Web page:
Super quick to build and super quick buzzing round the garden! Inspired by a recent video series by RC Model Reviews on YouTube I bought some bits and bobs from Hobby King to build my very own mini-quad.
It’s been ages since I did anything in the garage, other than stir tins of Deep Bronze Green and repair punctures, so I was totally unable to wait for the second of my two parcels to arrive from the People’s Republic. Since I’d received everything except the frame within a couple of days and faced a two week wait for the frame itself, I knocked up a little quad frame from spare bits of carbon fibre and two meagre scraps of 6mm aluminium.
It’s much smaller than my old quads. It was supposed to be a 250-class – so 250mm from motor to motor – but I chucked it all together free from the shackles of forethought and it ended up a little wide at the rear end. I drilled out, parted off and tapped four aluminium pillars, chopped and drilled some chunks of carbon fibre sheet and reinforced the motor arms with some square carbon tube with a balsa dowel insert.
One of the best things I did is make a power distribution board from a bit of veroboard. This makes wiring things up so much easier than faffing about trying to make a wiring loom. It also keeps the inside of the quad much tidier. I mounted it under the flight controller on some plastic standoffs which works very well.
To fly it’s blooming amazing. I’ve only flown it round the (tiny) garden so far, watched by a curious three year old. The Naze32 board keeps things incredibly stable and the light frame and beefy little motors means it easily hovers at mid-stick. Leaving (hopefully) spare capacity for some FPV kit and a GoPro in future.
Huge thanks to Bruce from RC Model Reviews for making such a useful video series – and especially for recommending a list of cheap but super-effective components available for about £100.
I just completed my second ever air engine: The Chuffer. With this project I decided that I’d go for complexity, rather than the simplistic approach I took when I built The Wobbler earlier this year.
The Chuffer is a twin-cylinder double acting engine – which means each of its two cylinders both push and pull the piston. This means it operates much more smoothly and can self-start as there’s always a piston on a power stroke, regardless of where the flywheel is.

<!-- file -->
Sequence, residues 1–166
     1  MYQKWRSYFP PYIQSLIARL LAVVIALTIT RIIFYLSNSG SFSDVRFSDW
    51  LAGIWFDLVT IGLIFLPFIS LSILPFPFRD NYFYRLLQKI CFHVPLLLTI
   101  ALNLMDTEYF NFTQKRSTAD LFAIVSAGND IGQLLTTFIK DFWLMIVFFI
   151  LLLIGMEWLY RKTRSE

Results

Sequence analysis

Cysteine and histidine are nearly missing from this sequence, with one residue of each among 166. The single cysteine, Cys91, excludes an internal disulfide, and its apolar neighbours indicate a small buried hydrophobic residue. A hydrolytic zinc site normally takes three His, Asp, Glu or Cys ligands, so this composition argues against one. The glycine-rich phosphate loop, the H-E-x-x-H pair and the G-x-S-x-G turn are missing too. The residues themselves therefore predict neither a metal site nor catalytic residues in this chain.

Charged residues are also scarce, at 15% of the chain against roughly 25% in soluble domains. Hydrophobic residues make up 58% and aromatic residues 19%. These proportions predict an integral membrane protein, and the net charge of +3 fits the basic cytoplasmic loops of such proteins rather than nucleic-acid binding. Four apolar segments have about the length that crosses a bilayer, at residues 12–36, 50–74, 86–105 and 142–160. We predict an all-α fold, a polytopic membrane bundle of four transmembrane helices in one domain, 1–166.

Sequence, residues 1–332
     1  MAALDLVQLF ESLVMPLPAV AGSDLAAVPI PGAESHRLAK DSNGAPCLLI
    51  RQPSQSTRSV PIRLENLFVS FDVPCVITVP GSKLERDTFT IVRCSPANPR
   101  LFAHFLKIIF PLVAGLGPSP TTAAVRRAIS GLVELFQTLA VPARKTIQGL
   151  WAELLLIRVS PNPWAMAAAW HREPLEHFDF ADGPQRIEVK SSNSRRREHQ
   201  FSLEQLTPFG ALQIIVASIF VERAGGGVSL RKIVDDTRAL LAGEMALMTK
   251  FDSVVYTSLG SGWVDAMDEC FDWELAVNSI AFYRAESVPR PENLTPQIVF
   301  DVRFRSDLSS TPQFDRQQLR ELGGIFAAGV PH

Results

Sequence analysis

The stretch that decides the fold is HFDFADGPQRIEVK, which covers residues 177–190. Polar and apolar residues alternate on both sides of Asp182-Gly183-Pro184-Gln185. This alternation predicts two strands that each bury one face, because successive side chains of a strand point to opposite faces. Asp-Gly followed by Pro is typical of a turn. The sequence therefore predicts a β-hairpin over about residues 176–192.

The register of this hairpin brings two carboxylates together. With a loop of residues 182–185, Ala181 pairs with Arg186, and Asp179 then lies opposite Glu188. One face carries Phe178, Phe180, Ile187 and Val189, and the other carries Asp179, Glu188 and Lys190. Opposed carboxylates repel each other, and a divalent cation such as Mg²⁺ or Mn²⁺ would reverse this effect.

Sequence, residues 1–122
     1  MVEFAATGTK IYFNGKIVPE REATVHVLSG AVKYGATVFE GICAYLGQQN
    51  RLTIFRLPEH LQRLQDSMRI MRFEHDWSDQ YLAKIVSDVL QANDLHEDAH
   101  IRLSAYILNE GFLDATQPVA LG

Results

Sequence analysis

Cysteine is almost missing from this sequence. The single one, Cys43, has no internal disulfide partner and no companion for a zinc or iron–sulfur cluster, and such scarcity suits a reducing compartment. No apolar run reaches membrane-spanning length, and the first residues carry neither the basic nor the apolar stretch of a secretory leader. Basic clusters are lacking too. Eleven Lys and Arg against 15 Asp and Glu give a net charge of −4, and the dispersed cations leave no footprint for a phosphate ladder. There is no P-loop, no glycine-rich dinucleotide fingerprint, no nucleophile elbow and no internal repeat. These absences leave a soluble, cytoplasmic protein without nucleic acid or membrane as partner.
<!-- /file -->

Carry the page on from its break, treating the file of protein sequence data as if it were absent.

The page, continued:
Unlike its predecessor, the Chuffer has fixed cylinders and airflow is controlled by two spool valves, operated by eccentrics next to the flywheel via some pushrods and a hopelessly over-engineered lever mechanism.
And of course everything was made by yours truly, in the garage, from chunks of brass, steel and aluminium bar and flat stock I bought on eBay. Needless to say, I have learned a lot since I started the project this February!
You can add points, polygons and visualise all kinds of live data using a simple web service that returns some GeoJson data. It works like a charm on mobile devices too!
Why combine Leaflet with Mapserver?
I have a couple of use-cases that meant I needed to look at combining Leaflet with Mapserver. This turns out to be easy enough as Leaflet can hook up to any tile provider and Mapserver can be set up to serve images as a Web Map Service (WMS).
The first thing I wanted to do is serve up some map data when not connected to the internet. Imagine I am in the middle of nowhere, connected to the Raspberry Pi in the back of the Land Rover via WiFi to my phone or tablet. I have a GPS signal but I don’t have any connection to a map imagery server as there’s no mobile coverage. I need to use mapserver to render some local map data so I can see where I am. This use case has a boring work-related benefit too – it enables you to serve up maps in a web-based mapping application behind a strict corporate firewall.
The other use case is simple: raster data. Lots of the data we deal with where I work is served up as raster data by Mapserver. Imagine it as heat-maps of some KPI value layered on top of a street map.
Setting up Mapserver
There are a couple of things you need to do to get Mapserver to act as a WMS. The first is to add a projection and web metadata element to the root of the map file (as below). After a large amount of head-scratching, wailing and gnashing of teeth I found that the de-facto standard projection for all “internet” map data is EPSG 3857. Make sure you use that EPSG at the root of your map file.
"wms_title" "Dans Layers and Stuff"